Leipzig University offers students as well as doctoral students support and advice through the Career Service. In addition, the Team Akademische Berufe of the Employment Agency Leipzig regularly provides advice in the offices of the Career Service and also the agency.
In order to promote research and young academics with above-average qualifications, Leipzig University has established an award programme. The Pre-Doc Award aims at facilitating the transition of graduates to doctoral studies by selecting and funding innovative doctoral projects. The Research Academy Leipzig is in charge of this award programme.
The family service at the University’s Equal Opportunities Office offers advisory services for family caregivers. Doctoral researchers who are employed by Leipzig University can contact the following person at the Department of Human Resources:
Leipzig University offers specific advisory and support services for disabled doctoral researchers. Enrolled doctoral candidates have access to the same services that are available to other students – for example compensation for disadvantages. For further information, please contact the Study Office at the relevant faculty.
There are different contact persons for doctoral researchers who are employed by Leipzig University – one for the University and one for the Faculty of Medicine.
Also, an employer’s representative for the affairs of persons with disabilities has been appointed.
Our university strives for equal opportunities and diversity among doctoral candidates through various measures based on its constitution (Grundordnung) and its Equal Opportunities Concept. Support and advisory services are usually developed and coordinated by the Equal Opportunities Office.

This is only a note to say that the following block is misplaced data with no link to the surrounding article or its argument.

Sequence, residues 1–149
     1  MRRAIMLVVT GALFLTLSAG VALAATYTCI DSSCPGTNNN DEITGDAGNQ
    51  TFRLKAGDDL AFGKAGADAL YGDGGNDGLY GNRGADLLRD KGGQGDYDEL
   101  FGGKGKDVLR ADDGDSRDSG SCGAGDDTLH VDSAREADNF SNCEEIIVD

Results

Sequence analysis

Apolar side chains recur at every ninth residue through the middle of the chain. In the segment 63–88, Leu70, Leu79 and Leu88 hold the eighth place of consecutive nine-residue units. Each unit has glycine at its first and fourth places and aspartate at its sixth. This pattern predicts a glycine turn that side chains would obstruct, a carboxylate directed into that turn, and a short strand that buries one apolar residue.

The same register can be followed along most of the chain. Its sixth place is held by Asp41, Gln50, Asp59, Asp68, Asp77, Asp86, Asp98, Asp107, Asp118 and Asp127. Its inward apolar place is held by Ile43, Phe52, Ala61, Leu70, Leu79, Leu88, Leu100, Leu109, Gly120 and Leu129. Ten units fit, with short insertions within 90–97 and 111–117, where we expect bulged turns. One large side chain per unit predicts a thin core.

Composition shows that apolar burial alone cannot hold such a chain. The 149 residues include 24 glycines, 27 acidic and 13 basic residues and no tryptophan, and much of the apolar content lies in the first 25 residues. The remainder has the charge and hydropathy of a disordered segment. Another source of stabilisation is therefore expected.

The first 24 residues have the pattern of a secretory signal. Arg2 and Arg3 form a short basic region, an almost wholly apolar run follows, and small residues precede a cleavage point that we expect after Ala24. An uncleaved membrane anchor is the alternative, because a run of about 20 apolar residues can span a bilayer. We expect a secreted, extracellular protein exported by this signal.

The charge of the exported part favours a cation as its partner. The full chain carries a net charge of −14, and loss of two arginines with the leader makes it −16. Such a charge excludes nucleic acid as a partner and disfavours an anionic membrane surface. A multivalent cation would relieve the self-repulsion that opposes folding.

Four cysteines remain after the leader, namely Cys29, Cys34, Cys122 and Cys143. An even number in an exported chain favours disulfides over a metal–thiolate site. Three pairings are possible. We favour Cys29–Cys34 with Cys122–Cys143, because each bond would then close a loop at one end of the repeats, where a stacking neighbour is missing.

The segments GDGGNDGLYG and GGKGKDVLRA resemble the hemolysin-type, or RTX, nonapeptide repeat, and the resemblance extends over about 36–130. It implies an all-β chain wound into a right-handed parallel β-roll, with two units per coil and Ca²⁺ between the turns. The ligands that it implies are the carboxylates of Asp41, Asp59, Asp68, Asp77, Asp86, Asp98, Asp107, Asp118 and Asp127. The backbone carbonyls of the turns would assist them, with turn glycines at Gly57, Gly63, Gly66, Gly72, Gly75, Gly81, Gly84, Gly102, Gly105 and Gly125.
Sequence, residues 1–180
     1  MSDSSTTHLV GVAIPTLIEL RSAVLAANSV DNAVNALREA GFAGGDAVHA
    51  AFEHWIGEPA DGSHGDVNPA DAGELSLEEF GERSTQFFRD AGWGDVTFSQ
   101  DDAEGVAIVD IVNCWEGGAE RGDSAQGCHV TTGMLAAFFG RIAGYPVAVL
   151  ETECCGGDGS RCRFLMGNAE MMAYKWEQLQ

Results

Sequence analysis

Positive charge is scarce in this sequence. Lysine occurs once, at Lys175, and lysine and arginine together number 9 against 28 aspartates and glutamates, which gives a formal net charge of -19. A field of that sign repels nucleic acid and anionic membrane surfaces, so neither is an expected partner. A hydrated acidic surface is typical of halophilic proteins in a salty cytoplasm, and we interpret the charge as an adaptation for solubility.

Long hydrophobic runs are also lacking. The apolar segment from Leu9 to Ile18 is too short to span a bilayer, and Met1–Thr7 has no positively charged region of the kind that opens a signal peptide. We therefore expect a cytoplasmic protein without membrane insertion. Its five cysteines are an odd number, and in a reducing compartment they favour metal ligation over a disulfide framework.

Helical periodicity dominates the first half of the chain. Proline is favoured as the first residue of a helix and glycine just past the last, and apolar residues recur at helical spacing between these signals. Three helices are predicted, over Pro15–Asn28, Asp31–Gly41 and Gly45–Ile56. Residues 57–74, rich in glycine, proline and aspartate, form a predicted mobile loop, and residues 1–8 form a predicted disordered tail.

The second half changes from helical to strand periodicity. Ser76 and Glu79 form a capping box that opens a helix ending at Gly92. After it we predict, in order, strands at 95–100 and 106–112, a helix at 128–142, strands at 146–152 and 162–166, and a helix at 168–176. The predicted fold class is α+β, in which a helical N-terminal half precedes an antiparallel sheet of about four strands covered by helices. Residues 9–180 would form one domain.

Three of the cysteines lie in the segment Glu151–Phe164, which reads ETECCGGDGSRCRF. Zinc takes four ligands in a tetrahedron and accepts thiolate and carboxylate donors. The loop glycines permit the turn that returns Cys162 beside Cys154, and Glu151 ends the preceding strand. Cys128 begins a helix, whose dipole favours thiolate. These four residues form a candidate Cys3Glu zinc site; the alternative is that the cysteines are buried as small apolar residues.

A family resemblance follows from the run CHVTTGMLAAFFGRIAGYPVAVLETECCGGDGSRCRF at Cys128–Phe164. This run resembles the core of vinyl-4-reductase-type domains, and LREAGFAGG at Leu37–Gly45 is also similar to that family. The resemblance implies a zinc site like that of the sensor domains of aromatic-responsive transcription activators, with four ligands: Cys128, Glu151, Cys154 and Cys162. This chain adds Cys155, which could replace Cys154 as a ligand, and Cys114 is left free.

The Halle-Jena-Leipzig Central German University Alliance has developed a special mentoring programme – called “t.e.a.m.” – to support female doctoral candidates.
Doctoral projects often mean pressure and stress. Protecting the mental health of doctoral candidates is therefore a particular interest of Leipzig University. Doctoral students can get support from the psychosocial counselling service run by the Studentenwerk Leipzig. Doctoral candidates working at the University can participate in internal stress prevention training, details of which can be found on the intranet.
The Research Academy Leipzig plans on developing special services that target the needs of doctoral candidates.
Outside the University, the association Leipziger Bündnis gegen Depression e. V. – for people suffering from depression – offers counselling and support.
Our university strongly encourages refugees to pursue a doctoral project. In principle, refugees and non-refugee applicants are treated equally. This means that the generally binding requirements and criteria apply for when taking up doctoral research. The International Centre vises refugees and asylum seekers and has also appointed a Commissioner for Refugees.
Since refugees do not have German citizenship, they have only very limited access to scholarships. Certain political and trade union foundations offer refugees the opportunity to apply for doctoral scholarships.